NINJA GAIDEN II is the sequel to the acclaimed 2004 action title NINJA GAIDEN, itself a reboot of the classic series from the NES, which was in itself an adaptation of an arcade game. Like its predecessor (the Xbox one), the game stars Ryu Hayabusa on a mission of death and destruction as he seeks to eliminate the Greater Fiends (the devils), and their companions the Black Spider Ninja's, from the face of the earth. To do this, he'll have to scream a lot and slash and shoot anything that gets in his way...yeah you've heard this before...
Ryu is a death machine. When he slices, heads and limbs go flying. And he's got approximately 9 weapons to do the slicing with in this game. The Dragon Sword may be reliable, but who can forget the ninja claws (which turn him into a Japanese Wolverine), the Great Scythe and the Twin Swords? Each selection is more a matter of preference, but I found weapons like the Scythe to be more powerful because they hit multiple enemies and do more damage than the other weapons. And given the swarms of very tough, very fast opponents you'll be facing here, you'll need that leverage. Speaking of which...
Why they gotta make this game so damn hard!? Well...I guess that's part of the appeal. The first NINJA GAIDEN entry was one of the best games for the Xbox and probably one of the best action games of the last generation. It was a tough game...but it felt balanced and rarely unfair. NGII throws all that window and amps up the difficulty to the level of absolute insanity. If you thought 3 explosive shuriken throwing ninjas were bad, how about 9 of em?? Some enemies are just ridiculously fast and the only way to win is to be ferocious with your attacks so they simply don't have the opportunity to hurt you! Otherwise you'll be overwhelmed by all the cheap attacks coming your way.
After a certain point though, things become more manageable. On the Normal and Easy difficulty settings, constantly keeping a full stock of healing items handy is extremely helpful. The trick to beating the enemies then boils down to figuring out which weapons can dismember them fast enough so you can get in with your execution move. Rationing Ninpo is also important too. So the game IS beatable...it just requires an incredible amount of patience.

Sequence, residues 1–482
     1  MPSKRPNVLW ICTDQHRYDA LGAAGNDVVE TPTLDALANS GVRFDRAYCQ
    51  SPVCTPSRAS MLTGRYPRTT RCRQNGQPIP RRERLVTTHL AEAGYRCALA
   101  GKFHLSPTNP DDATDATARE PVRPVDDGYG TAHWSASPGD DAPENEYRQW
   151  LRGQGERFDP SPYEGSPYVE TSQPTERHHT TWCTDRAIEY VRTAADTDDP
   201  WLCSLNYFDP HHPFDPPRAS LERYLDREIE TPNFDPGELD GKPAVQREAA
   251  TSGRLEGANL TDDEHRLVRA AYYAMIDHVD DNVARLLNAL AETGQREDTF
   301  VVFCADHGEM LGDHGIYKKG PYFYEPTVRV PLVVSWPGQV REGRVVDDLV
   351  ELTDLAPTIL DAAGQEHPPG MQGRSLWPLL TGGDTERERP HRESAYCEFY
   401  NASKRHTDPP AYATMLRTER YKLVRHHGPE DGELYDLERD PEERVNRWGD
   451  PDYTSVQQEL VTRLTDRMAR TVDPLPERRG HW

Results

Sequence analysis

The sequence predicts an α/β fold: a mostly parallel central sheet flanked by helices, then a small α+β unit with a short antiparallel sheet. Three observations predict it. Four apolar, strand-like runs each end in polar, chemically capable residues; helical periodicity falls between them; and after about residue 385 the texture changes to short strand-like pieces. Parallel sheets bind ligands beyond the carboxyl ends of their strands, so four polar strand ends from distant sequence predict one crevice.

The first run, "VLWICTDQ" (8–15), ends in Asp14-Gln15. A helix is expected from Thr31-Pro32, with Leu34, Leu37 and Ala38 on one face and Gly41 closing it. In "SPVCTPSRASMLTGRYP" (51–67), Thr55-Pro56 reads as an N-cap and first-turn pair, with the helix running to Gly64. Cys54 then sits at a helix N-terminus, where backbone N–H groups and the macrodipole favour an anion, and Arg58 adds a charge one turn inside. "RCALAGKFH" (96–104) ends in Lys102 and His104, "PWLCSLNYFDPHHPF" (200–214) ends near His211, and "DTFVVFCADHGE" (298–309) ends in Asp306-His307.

The previous reviewer mentioned some major problems during the final battle with the demonic priest Dagra Dai. Well, I didn't encounter any problems with Dagra, but I did encounter some major frustration with the Archfiend, the boss which succeeded him. It was in this battle where Ryu's tendency to miss with his arrows drove me insane. NOTE to developers: If you're going to make a game this hard and this fast paced, can you please make sure all your technical bugs are worked out before you ship it?? I also hate the fact that every time you continue, you have to go through two loading screens before you get back into the action. And in this game, you're going to be dying a lot.
The graphics were advertised as being "made from the ground up" for the Xbox360. Well...they look a lot like the visuals from the previous game, which made me immediately assume it was the same engine. Consequently, some of the visuals look kind of "last gen". This is especially apparent in the environments, which feature some breathtaking scenery (the river city) contrasted with some dull scenery (the underground tunnels). But still, the sights of combat and dismemberment are incredibly wicked and look superb to even current games like DMC. The sound is fairly superb, with the deafening slashes of steel and the fully orchestrated soundtrack both being highlights.
NINJA GAIDEN II really makes me question my interest in action games. One one hand, it's just a nightmare to play. One the other hand, once you get past that towering learning curve, you might be hopelessly addicted. The action is so fast and furious and so outrageously blood boiling here that many other titles in the same genre look feeble by comparison. Now, I haven't tried the update (NINJA GAIDEN SIGMA 2) yet, but I've heard from some trusted reviewers (including the previous commenter) that it's a significant improvement over this game. Since it sounds better balanced, I would say start with that edition and work your way back to this one if you want a crazier, bloodier challenge. But that's up to you. Given that this edition is signficantly cheaper, that in itself might be a tempting factor. Just be cautious...this game is hard and it's a little buggy. If you're not willing to tolerate these problems, there are many other more balanced action games out there willing to satisfy your thirst.